Why Influence Thinking Can Transform Your Organization

What is innovation? Often times people overthink it, but in its simplest form, innovation is a process to solve a need.

Many individuals are innovators, yet they deny claiming themselves as such. These people have been led to believe innovation must be flashy and uber creative, as well as have an element of sassiness to it.

The reality is that innovation is about assessing a current process or situation, determining why it needs attention, listening to how others would approach a solution, and coming up with a solid solution. When the innovative “solution” is flashy, sassy, and clever and a need is not met, it’s called art.

Innovative Thinking

Let’s move in for a closeup on innovative thinking and how it applies to leaders.

Leaders assert power through influence. Moreover, leaders who act as good social architects—those who consciously create an environment of belonging in order to foster the best outcome for individuals and the group—establish trust as the basis for successful relationships and are smart in how they deal with people. Individuals see them as being honest, offering candid coaching, and having a level of emotional intelligence that keeps feelings in check.

Influence Thinking

On the other hand, Influence Thinking begins with group members sharing a common purpose and have openly shared their goals for achieving the common goal. During the growth of mindset, individuals align core values and required or anticipated outcomes, reaching a level of consensus that establishes group collaboration and not groupthink.

Collaboration requires the mindset of the groups to agree in two ways. First, all parties must agree they need each other and that everyone at the table shares an equal voice in contributing to the end result.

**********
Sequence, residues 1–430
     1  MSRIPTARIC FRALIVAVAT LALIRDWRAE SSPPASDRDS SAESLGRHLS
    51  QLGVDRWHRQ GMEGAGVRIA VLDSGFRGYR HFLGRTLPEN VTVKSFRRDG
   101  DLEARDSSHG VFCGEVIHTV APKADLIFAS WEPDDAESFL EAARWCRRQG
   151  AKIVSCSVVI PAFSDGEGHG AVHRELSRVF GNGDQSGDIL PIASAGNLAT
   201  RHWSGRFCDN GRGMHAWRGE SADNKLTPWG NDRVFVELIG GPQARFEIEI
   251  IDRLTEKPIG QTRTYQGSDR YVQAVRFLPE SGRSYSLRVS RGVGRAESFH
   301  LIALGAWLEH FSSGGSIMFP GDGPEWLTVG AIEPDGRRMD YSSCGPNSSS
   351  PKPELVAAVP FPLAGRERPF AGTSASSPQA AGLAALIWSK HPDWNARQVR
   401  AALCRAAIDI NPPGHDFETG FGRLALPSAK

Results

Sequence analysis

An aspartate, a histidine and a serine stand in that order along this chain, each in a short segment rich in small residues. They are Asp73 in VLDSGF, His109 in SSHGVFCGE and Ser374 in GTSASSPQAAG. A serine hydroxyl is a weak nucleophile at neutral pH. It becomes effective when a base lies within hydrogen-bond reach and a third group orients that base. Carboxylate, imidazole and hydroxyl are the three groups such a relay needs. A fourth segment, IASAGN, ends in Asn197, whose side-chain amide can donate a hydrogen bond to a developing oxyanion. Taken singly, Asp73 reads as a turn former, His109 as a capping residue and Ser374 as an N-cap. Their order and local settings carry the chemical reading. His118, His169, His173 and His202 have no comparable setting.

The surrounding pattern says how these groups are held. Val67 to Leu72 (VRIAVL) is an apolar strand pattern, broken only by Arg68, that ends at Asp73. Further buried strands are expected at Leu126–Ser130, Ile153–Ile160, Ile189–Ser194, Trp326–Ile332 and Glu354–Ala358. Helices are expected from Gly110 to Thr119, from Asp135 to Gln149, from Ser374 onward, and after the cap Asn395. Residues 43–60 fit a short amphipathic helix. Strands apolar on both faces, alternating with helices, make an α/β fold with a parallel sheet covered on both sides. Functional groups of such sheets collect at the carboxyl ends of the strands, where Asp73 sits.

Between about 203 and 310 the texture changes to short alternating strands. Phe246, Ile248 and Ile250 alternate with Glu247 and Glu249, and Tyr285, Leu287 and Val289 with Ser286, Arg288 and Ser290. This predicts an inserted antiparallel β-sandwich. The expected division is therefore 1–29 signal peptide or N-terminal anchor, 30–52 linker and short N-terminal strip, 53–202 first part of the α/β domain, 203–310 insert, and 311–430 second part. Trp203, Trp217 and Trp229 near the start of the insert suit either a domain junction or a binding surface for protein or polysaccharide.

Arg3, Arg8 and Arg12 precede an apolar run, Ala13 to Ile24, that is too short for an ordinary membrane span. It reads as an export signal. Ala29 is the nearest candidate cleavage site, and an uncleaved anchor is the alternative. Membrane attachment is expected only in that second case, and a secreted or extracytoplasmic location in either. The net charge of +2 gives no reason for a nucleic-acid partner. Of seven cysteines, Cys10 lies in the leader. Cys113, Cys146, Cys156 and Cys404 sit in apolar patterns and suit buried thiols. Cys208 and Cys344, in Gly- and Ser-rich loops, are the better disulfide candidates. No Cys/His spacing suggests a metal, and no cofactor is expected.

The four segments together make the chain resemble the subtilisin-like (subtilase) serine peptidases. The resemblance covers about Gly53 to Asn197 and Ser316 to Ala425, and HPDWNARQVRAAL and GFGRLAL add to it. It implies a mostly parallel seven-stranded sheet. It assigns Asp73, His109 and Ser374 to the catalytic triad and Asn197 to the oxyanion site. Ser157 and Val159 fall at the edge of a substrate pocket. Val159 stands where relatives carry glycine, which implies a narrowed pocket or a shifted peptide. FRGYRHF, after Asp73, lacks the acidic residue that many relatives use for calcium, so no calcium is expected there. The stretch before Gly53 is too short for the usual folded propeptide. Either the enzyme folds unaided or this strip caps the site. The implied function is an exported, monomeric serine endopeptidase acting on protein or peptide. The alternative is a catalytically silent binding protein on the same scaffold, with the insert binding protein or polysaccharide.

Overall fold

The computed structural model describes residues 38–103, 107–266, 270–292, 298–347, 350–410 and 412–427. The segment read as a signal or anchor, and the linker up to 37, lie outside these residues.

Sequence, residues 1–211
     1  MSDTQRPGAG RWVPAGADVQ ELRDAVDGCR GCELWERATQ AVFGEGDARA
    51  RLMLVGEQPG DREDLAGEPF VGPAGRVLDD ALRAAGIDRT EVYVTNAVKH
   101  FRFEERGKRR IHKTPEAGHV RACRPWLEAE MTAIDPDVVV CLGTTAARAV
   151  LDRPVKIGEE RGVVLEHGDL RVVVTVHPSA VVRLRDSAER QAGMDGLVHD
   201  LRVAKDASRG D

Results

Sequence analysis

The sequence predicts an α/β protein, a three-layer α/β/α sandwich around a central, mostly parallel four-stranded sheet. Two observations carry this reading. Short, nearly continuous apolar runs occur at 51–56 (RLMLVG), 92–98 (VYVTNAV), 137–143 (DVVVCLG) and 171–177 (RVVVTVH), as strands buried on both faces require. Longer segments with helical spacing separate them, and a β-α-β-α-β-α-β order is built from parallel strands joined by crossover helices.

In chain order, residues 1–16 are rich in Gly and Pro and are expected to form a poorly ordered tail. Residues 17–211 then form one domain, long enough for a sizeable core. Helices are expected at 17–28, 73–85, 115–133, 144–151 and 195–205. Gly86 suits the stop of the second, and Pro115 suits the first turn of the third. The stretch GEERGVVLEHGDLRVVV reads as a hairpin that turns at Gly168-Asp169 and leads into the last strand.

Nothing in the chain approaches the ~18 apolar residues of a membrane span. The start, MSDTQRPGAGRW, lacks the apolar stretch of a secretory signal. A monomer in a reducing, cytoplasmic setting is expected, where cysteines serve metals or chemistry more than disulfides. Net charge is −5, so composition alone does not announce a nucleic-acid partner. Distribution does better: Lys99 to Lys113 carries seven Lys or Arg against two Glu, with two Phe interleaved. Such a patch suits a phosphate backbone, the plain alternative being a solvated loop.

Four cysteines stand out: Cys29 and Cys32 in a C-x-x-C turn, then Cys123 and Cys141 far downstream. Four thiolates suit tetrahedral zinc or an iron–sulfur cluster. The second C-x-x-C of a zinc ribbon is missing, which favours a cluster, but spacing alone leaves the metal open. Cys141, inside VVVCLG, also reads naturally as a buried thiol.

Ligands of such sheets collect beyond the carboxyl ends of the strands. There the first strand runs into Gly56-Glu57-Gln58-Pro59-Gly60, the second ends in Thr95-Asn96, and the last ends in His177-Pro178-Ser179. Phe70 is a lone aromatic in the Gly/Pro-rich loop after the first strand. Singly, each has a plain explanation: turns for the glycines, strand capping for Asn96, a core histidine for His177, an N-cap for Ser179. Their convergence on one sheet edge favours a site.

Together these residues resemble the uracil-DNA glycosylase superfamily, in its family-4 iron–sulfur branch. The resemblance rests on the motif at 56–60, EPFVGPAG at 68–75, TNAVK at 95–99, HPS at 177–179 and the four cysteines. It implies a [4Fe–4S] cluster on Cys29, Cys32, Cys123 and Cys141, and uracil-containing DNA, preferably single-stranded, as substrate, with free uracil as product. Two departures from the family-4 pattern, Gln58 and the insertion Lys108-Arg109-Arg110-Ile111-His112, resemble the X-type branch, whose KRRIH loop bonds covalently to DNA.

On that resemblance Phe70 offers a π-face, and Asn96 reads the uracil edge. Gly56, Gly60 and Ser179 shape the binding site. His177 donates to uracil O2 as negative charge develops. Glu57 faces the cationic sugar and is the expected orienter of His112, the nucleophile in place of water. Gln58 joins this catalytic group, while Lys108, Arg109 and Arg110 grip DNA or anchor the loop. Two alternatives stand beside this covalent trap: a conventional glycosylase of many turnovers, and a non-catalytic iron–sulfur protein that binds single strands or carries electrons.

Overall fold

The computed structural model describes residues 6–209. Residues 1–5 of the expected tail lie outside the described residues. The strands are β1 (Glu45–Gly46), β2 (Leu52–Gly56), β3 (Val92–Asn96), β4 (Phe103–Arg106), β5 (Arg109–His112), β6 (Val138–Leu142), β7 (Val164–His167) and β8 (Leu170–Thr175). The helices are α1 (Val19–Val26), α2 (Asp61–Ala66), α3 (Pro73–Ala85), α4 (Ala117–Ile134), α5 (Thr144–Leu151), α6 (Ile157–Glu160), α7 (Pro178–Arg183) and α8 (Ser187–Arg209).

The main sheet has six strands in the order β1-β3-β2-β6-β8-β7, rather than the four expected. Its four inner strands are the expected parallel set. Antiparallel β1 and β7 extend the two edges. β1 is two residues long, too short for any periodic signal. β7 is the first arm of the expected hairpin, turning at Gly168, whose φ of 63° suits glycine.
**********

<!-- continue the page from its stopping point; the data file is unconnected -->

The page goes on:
When leaders seek collaboration, they are asking for the views, beliefs, and opinions of others, whether they agree with their perspectives or not. From there they can make well-informed decisions that are grounded by the voice of others.

Grounding Boards vs. Sounding Boards

A grounding board is not the same as a sounding board. A sounding board generally reflects only what is being said. This happens when individuals only tell the boss what he wants to hear. The sounding board doesn’t typically speak up or offer healthy conflict; there is no safe environment, and “collaboration” may just be an elusive buzzword because the leader does not necessarily value others’ input. What the leader hears is more of an echo of his thoughts, a reverberating sound, not a grounded reply. In other words, you’re not necessarily getting a fresh perspective. Also, if the sounding board is a “yes” person, your message is simply and likely being repeated back to you. Ideally, you want an individual who isn’t afraid to give their opinions—a grounding board—who will take into account what they already know about you. 

The second requirement of collaboration is that everyone at the table must give their trust away. This may sound like an unusual practice, but it is essential. Trusting others is a necessary part of having an effective team because the context is a business setting and not a toxic social setting. This act of giving trust away forms the basis of effective communication.

Why is this so? When there is group dysfunction, the basis will always be vested in trust. Therefore, when the group operates dysfunctionally, you clearly know that distrust is present. Distrust leads to fear and fear creates an environment of uncertainty. To avoid distrust, individuals who truly want to function at a high level of Influence Thinking will honor trust and give it freely. Once the group has established the basis of trust, its members are ready to participate in collaboration and innovation.

A good example is King Arthur and his Knights of the Round Table. No one is at the head; everyone is seated in a position of equality. Titles are unimportant. All voices matter equally and the knights trust that what is spoken benefits the group and not just the one speaking.

How are the leaders in your organization hearing the voice of others? Is there a collaborative effort to reach an innovative solution? We would love to hear your stories below!

To learn more about the leadership values that can positively impact your team and create a Cohesion Culture™️, connect with Dr. Troy here.


Dr. Troy Hall is the Chief Strategy Officer for South Carolina Federal Credit Union, a $1.8B financial cooperative with over 165,000 members. With a Ph.D. in Global Leadership and Entrepreneurship, Dr. Troy has earned the designation as an International Development Educator. As the author of Cohesion Culture: Proven Principles to Retain Your Top Talent, his book showcases how and why South Carolina Federal Credit Union has been named a “Best Places To Work” by Glassdoor, the Credit Union Industry, and State of South Carolina.

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